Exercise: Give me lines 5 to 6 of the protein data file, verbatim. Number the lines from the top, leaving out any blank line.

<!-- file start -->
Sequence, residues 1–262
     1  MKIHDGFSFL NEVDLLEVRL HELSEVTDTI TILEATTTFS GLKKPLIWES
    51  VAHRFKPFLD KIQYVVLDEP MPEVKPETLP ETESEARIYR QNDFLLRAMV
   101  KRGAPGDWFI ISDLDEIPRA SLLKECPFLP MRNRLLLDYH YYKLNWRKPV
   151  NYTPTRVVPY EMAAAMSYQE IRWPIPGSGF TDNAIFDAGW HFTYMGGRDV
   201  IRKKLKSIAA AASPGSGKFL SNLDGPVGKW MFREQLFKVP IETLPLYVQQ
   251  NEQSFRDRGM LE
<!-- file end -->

   151  NYTPTRVVPY EMAAAMSYQE IRWPIPGSGF TDNAIFDAGW HFTYMGGRDV
   201  IRKKLKSIAA AASPGSGKFL SNLDGPVGKW MFREQLFKVP IETLPLYVQQ